How YouTube Shorts can help Creators

Youtube is working on a new feature to its video-content platform that will soon include a new feed of brief videos. This feature will reportedly be called Shorts and will be a much-anticipated rival to viral social media platform TikTok. In simple words, Shorts will display brief videos that, like TikTok can use licensed music as a background soundtrack.

Since YouTube has its own existing catalog of licensed music on its own platform, it’ll be interesting to see how Shorts develops as a new form of content consumption. Speculations are that Google will be able to sway the existing group of creators to start creating content in the new format.

RELATED: Will YouTube Shorts disrupt TikTok’s spurtive growth?

The Mountain View giant won’t need to start from scratch for gaining an audience as Shorts will be available inside the official YouTube app and website. But how will this new feature benefit content creators? That’s what we’re here to discuss.

Highlight coolest stuff in the videos

Since YouTube Shorts will be designed as a direct competitor to TikTok where a song plays in the background which you either try to act out a scene to match the music or lip-sync your way out. Creating videos will also be easier as Shorts, if similar to TikTok, will remove all barriers that prevent users from expressing themselves.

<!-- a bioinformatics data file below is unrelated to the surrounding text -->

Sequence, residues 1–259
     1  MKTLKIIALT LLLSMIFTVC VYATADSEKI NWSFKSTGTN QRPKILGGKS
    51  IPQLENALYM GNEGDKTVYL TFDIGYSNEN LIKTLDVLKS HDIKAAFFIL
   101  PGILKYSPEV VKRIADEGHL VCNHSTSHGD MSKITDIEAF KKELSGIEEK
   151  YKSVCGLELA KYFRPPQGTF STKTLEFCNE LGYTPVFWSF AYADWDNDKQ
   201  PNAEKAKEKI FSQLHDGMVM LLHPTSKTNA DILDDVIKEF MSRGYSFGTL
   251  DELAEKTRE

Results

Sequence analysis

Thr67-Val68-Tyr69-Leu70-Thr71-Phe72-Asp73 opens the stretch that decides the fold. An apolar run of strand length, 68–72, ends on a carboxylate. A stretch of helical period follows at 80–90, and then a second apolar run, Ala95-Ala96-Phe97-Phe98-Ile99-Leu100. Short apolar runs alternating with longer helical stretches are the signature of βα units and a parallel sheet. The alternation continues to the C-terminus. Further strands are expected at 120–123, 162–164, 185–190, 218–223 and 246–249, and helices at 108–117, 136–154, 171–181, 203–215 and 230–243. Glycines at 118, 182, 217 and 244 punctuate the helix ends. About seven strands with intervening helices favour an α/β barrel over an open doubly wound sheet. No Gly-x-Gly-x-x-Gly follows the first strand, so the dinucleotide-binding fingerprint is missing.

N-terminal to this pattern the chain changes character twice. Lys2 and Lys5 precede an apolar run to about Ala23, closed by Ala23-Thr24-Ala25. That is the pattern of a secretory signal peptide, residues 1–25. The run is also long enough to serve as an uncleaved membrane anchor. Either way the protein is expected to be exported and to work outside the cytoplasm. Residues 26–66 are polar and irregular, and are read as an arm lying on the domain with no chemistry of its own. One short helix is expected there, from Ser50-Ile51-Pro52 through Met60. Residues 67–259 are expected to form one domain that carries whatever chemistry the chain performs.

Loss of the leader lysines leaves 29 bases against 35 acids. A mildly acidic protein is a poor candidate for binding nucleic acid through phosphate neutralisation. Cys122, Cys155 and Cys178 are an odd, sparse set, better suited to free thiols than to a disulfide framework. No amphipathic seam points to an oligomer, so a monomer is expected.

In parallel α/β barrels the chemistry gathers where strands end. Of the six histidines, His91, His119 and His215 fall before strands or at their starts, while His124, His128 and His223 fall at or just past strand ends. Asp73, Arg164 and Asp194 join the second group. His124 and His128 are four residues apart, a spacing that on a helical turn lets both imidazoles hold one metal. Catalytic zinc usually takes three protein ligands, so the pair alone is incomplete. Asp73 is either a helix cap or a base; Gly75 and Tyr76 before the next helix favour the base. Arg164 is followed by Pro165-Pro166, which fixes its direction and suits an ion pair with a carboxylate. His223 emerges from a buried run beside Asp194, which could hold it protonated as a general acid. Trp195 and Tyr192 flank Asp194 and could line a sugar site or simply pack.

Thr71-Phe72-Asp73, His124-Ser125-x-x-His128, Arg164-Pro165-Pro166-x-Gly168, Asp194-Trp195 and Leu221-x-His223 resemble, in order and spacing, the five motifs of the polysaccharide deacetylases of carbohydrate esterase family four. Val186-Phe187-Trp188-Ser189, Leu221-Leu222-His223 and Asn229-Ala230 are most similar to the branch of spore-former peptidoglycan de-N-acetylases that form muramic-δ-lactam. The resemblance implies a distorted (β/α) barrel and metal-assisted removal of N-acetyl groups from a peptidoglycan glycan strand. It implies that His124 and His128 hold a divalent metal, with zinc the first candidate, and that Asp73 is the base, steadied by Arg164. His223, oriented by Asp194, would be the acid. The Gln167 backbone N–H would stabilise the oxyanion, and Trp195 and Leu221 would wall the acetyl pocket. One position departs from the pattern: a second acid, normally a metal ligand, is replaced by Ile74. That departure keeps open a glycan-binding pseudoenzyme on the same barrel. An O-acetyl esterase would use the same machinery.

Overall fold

Shorts can be used to push more content as the format will no longer need technical skills like video editing or graphic design. Creators can upload music-related content, remixed versions of popular memes, tutorials, and tell short stories that don’t need long-format videos.

Use Shorts as a teaser to build up anticipation

Since Shorts is designed in such a way that YouTube channels can make shorter update-like content, creators can use it as a teaser to their regular content. You can use Shorts to share the exciting news of a future video and arouse curiosity by giving them a taste of your upcoming content.

This will also help creators attract active subscriber attention at content posted on Shorts can force fans to check back for new content.

Keep the audience entertained throughout the day

YouTube Shorts will enable creators to jump in quickly and create content in a frivolous way, almost as an intentional parody of what they offer in their regular channel. The videos shown on Shorts will be brief like the ones available on YouTube Stories but can garner larger views as shorter videos are easier to watch than committing to long-format content.

This is evident from a recent stats report which suggested that users on TikTok spend about 52 minutes a day on the app. Content creators on Youtube can take advantage of this and upload regular brief clips on YouTube Shorts to keep their audience entertained throughout the day.

Shorts are Stories on Steriods

YouTube Stories, at the time of its launch, was a step over Instagram Stories as it allows the uploaded content to be viewed for 7 days instead of just 24 hours on the latter. With Shorts, YouTube will allow creators to upload short clips that last forever, unlike that of Stories.